What Makes a Migraine?

Any headache is a hassle, but migraines are especially miserable. More than just a bad headache, migraines are a neurological condition that affect at least 39 million Americans with debilitating symptoms that can leave you down for days. In fact, the World Health Organization places migraines as one of the 10 most disabling medical conditions on the planet–but also one of the most unrecognized and under-treated conditions in the world.

But what makes a migraine, and how is it different from any other headache? Here’s what you need to know.

What is a Migraine?

Migraines are a specific type of primary headache, or headaches that aren’t caused by an underlying disease or other health issue (these are known as secondary headaches.) Unlike your typical headache, a migraine is a neurological condition that can cause a wide range of symptoms that vary from person to person. Migraines are also recurrent, re-occurring anywhere from once or twice per month (episodic migraines) to every few days (chronic migraines.)

Migraines can significantly affect your day-to-day life, but how do they differ from other headaches? The key lies in their severity, symptoms, and triggers.

Migraine Symptoms

The classic migraine symptom is an intense, debilitating headache. The pain is typically described as throbbing or pulsing that intensifies with movement or physical activity. It usually occurs on one side of the head and can last anywhere from 3-4 hours to several days.

Unlike other types of headache, pain is rarely the only migraine symptom. Migraines typically progress through four stages, although not everyone experiences all of them:

  • Prodrome (Pre-headache phase): This initial phase can start hours or days before the head pain begins. You might notice subtle changes like constipation, mood swings, food cravings, neck stiffness, increased thirst and urination, and frequent yawning.
  • Aura (Sensory disturbances): Around 20% of migraine sufferers report having an aura, or sensory disturbances that occur right before or during migraine attacks. Symptoms may include visual phenomena like seeing various shapes, bright spots or flashes, and vision loss, as well as pins and needles sensations in arms or legs, weakness or numbness on one side of the face or body, and difficulty speaking.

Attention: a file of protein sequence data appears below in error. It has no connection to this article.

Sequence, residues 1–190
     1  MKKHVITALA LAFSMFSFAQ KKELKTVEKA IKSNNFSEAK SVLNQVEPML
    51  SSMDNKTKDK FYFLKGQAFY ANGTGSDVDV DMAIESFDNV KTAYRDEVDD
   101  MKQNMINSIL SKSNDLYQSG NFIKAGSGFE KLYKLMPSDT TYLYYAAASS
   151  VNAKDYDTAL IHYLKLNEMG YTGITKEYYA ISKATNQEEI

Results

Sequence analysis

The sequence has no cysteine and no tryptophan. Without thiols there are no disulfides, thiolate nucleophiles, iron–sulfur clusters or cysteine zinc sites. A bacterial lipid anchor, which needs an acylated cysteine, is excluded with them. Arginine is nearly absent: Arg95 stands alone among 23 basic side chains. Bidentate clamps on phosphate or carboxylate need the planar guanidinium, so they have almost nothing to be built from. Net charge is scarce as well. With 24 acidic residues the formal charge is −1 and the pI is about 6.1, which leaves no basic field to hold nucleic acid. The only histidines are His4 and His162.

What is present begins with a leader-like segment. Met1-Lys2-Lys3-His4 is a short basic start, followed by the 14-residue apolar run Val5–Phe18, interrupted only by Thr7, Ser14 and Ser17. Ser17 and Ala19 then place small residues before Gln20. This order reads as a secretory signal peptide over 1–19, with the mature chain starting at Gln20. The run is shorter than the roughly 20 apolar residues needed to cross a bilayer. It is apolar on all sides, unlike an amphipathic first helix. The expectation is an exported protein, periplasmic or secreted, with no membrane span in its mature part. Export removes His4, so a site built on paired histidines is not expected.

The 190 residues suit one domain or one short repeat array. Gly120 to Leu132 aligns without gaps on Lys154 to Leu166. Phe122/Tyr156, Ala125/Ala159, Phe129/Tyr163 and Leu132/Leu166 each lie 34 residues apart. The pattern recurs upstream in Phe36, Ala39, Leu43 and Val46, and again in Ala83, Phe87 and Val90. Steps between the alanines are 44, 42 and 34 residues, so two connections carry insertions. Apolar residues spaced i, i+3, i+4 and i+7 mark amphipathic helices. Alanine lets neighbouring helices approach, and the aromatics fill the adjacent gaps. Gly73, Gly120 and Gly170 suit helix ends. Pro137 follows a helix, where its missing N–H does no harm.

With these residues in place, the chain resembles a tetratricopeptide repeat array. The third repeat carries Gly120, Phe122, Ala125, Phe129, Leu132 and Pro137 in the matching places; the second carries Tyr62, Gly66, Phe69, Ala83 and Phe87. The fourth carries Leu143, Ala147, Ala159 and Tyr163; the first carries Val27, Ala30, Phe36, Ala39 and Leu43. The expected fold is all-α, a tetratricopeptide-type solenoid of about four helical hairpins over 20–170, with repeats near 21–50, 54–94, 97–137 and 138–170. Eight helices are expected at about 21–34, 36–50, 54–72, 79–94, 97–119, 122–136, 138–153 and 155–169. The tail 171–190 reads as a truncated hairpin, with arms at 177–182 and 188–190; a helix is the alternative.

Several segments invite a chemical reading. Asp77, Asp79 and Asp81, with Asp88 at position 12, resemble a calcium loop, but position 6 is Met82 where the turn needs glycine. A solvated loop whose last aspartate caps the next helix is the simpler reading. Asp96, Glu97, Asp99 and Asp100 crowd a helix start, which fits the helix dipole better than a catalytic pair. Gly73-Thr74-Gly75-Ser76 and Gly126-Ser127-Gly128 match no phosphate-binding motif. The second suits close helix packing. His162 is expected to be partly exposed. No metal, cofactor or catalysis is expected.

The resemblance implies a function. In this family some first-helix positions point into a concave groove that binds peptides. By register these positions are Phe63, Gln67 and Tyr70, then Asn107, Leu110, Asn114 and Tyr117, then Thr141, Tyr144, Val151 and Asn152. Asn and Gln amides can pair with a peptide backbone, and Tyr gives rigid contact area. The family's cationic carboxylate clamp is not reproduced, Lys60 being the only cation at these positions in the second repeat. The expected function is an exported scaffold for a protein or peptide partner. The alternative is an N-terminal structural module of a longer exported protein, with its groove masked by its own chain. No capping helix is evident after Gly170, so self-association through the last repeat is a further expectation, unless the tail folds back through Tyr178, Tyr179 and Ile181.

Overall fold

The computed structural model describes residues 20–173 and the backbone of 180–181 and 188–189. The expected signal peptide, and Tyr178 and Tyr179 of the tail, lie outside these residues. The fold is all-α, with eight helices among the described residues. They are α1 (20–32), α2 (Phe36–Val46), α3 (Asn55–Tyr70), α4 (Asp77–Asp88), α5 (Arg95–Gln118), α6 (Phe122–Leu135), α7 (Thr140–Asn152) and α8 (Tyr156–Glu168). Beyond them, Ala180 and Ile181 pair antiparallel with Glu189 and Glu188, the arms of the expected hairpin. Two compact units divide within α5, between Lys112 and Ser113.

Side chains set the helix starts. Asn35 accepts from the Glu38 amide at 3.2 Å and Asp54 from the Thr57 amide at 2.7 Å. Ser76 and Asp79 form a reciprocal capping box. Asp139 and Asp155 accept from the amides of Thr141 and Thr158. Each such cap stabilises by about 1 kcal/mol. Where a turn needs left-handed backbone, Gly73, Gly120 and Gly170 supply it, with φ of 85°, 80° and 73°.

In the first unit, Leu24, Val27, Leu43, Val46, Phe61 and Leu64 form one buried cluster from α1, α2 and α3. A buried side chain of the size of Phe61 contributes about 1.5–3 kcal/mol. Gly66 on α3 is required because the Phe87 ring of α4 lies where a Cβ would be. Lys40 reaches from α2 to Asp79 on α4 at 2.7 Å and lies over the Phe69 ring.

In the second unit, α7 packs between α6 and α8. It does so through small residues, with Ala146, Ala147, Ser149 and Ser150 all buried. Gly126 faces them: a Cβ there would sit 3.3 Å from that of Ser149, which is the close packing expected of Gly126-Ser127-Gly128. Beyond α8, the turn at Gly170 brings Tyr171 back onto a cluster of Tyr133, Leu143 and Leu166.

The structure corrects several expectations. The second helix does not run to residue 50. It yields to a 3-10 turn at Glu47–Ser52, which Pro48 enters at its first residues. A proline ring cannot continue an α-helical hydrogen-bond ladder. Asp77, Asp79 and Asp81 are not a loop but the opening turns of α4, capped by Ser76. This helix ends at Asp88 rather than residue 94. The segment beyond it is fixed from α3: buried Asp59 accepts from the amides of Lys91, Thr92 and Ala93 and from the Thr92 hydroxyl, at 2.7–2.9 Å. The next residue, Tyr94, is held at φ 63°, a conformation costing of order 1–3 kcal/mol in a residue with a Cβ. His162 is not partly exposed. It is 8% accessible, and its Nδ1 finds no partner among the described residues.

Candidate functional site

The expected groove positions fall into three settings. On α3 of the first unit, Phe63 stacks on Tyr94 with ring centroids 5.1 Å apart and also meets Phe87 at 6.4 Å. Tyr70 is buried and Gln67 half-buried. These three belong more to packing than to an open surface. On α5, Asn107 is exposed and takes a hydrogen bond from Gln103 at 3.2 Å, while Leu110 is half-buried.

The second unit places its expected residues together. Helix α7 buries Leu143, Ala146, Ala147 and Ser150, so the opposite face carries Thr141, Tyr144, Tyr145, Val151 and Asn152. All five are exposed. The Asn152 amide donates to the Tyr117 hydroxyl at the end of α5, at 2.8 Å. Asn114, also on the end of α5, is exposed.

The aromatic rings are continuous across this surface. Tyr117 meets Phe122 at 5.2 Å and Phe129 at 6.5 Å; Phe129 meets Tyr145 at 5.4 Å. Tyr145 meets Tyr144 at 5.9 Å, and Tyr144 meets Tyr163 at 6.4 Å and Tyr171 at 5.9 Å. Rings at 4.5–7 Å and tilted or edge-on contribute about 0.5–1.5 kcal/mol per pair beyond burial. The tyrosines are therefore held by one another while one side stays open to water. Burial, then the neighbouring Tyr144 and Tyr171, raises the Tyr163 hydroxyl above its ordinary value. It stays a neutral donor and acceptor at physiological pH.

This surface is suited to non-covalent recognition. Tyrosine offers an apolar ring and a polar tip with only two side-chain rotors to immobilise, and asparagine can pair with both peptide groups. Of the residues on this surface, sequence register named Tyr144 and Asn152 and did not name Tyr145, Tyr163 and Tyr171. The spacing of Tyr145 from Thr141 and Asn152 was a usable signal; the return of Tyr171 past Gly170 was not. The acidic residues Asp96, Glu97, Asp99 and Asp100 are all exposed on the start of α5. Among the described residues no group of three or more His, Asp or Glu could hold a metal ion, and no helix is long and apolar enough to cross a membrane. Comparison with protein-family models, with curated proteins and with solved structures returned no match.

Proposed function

• Attack Phase: This is when the actual migraine pain occurs. A migraine usually lasts from 4 to 72 hours if untreated. During this phase, you might experience intense pain on one side of your head; nausea and vomiting; and sensitivity to light, sounds, smells, or touch.
  • Postdrome (Final phase): After a migraine attack, you might feel drained, confused, and washed out for up to a day. Around 80% of people report feeling fatigue, body aches, trouble concentrating, and light sensitivity during this “migraine hangover”.

Causes and Triggers

The exact cause of migraines isn’t completely understood, but they’re believed to be the result of abnormal brain activity. Most researchers believe a combination of genetic, environmental, and lifestyle factors play a role in the condition. We do know that certain common triggers can cause or increase the severity of migraine attacks. Triggers vary among individuals and include stress, hormonal changes, alcohol, bright or flashing lights, certain foods, and changes in sleep patterns, among others.

Who is at Risk?

Migraines can affect anyone at any age, but they’re more common in certain patients. Those at highest risk of developing migraines include:

  • Women. Migraines affect adult women three times more often than men, likely due to hormonal changes. They usually begin at the onset of puberty or during pregnancy.
  • Those with family history. An estimated 80% of patients with diagnosed migraines have at least one immediate family member with the condition.
  • Smokers.
  • Patients with certain other conditions like depression, anxiety, epilepsy, or sleep disorders.

Migraine Diagnosis and Treatment

There are currently no tests that can definitively identify migraine headaches. A neurologist, or specialist trained in treating headaches, can diagnose migraines by taking a detailed medical history, defining recurrent symptoms, and ruling out other possible conditions. Keeping a headache journal can help your healthcare provider understand and diagnose your individual condition.

While there’s no cure for migraines, treatments are available to help manage the symptoms. These include pain relief medications to reduce acute symptoms and preventive medications that reduce the frequency and severity of migraine attacks. Lifestyle alterations, like managing stress, maintaining regular sleep patterns, and avoiding known triggers, can also be effective.

At Urgent Care of Fairhope, we understand how crippling migraines can be. Our friendly and experienced team is here to provide personalized care to manage your migraines effectively. Visit our walk-in clinic six days per week for fast and convenient care tailored to your needs. You can even check the waitlist before you arrive to avoid the extra headache of long wait-times!

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